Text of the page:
Best interests of the child

When parents or judges make decisions about parenting, the law says they can only consider the child's best interests. This means they can only think about what's best for the child, not what's best for the child’s parents or guardians.

Decisions about the following issues are all made in the best interests of the child:

  • guardianship
  • parental responsibilities (or decision-making responsibility)
  • parenting time
  • contact with a child

Section 37 of the Family Law Act and section 16(3) of the Divorce Act list the factors that you or a court must think about when you're deciding what's in a child's best interests. These factors include:

  • the child's health and emotional well-being (for example, how they'll be affected by the decision not only right now but also when they're older)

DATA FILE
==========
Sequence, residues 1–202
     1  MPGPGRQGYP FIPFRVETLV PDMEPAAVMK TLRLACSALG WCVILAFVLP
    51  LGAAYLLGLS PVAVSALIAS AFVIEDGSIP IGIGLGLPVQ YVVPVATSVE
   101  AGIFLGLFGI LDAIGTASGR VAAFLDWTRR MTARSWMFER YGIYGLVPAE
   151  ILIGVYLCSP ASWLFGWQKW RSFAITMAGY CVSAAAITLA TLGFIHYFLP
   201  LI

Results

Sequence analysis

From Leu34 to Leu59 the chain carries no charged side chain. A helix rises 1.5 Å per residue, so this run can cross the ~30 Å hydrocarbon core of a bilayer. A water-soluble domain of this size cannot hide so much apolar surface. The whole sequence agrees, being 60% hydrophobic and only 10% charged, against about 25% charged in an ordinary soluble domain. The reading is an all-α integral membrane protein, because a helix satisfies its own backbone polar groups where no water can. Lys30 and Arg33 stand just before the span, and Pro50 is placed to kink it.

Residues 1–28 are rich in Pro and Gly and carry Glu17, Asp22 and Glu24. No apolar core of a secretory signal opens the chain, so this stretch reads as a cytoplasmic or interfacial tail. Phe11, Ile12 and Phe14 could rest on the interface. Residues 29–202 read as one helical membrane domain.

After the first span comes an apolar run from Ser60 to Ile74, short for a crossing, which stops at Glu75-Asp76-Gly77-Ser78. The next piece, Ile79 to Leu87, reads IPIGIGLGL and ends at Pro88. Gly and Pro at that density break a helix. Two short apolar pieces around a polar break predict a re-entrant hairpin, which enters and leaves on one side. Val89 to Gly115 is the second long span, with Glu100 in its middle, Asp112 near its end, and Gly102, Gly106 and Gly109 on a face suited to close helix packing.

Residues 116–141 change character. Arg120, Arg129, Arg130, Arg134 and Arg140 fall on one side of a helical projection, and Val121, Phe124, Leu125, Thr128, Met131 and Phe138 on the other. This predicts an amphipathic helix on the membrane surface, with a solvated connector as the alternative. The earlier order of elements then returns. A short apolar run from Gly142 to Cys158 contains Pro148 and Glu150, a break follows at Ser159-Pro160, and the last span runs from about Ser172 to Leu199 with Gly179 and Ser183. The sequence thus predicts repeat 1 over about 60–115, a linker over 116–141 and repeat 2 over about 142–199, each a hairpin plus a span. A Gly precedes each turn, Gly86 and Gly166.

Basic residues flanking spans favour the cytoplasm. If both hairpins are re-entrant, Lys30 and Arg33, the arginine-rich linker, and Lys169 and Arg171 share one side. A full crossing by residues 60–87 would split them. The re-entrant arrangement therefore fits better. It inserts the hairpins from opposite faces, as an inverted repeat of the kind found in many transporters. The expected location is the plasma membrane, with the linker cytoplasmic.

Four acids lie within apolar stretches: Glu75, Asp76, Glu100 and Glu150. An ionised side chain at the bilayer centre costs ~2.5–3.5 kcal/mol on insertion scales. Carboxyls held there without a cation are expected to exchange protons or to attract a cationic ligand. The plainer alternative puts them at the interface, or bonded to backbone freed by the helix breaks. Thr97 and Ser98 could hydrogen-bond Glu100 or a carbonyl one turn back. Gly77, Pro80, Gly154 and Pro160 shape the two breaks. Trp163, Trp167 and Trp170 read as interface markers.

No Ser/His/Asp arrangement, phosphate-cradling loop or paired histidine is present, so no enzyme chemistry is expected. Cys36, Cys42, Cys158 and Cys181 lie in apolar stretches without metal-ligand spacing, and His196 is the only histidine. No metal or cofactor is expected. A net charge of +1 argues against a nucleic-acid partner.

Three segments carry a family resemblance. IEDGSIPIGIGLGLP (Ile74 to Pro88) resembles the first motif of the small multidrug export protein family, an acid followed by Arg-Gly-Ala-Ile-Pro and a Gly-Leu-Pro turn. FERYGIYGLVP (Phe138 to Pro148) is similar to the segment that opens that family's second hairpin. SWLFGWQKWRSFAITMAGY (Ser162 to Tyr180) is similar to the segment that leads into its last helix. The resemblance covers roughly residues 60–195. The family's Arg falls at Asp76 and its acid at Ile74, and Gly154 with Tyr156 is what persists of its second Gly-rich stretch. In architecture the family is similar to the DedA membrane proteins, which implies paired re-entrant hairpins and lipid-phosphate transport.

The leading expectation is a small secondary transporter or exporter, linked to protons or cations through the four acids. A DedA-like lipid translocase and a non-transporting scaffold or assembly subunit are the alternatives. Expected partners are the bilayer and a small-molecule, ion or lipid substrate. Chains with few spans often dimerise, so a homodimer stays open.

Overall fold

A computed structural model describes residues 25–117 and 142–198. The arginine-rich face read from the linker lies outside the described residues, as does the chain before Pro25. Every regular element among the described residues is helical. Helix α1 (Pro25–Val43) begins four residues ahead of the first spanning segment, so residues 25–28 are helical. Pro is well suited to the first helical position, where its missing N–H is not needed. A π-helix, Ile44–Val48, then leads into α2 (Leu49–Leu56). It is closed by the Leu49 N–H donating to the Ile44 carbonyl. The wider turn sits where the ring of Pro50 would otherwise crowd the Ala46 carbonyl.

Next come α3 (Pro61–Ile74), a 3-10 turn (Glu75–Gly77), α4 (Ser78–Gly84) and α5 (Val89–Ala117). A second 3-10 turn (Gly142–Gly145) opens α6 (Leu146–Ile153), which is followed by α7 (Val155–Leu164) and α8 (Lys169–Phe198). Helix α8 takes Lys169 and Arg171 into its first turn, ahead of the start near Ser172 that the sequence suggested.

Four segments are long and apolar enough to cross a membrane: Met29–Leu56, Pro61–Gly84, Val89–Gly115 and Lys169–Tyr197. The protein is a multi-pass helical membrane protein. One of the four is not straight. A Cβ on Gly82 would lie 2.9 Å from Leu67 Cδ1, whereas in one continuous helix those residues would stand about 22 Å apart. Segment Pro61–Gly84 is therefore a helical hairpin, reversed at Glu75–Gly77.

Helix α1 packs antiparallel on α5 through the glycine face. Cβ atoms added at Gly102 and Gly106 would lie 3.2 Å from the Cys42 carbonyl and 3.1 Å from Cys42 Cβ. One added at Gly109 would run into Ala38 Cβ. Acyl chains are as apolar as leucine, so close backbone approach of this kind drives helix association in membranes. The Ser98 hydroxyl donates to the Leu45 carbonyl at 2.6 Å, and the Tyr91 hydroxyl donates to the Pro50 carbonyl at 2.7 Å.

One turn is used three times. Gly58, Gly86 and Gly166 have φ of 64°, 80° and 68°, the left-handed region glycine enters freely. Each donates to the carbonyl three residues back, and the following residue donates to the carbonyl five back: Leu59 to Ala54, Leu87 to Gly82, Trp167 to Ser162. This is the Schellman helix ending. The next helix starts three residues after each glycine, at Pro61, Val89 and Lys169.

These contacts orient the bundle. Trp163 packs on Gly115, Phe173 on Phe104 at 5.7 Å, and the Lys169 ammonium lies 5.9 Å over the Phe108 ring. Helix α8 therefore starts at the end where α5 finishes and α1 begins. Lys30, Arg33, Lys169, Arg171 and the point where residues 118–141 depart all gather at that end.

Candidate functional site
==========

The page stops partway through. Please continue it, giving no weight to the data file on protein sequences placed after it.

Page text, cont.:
• what the child thinks or wants, unless it's not appropriate to consider this
  • the love and affection between the child and other important people in their life
  • the child's needs, including the need for stability at their age and stage of development
  • your child's cultural identity, language, and heritage (as set out in the Divorce Act)
  • who looked after the child in the past and how well they looked after the child
  • how well the parents or any other person who wants guardianship, parenting time,  parental responsibilities, decision-making responsibility, or contact will be able to care for and meet the needs of the child 
  • whether arrangements that need the child's parents to cooperate with each other (work together) are appropriate
  • if there was any family violence, its effect on the child's safety, security, and well-being
  • whether there are any court proceedings or orders relevant to the child's safety, security, or well-being

An agreement or order is in a child's best interests if it protects the child's physical, psychological, and emotional safety and well-being. In other words, the law says that the most important thing is to keep the child healthy and safe.

Putting Charlie first

Tess and Justin learn what's most important in our short illustrated story, Putting children first.  

Illustration to introduce story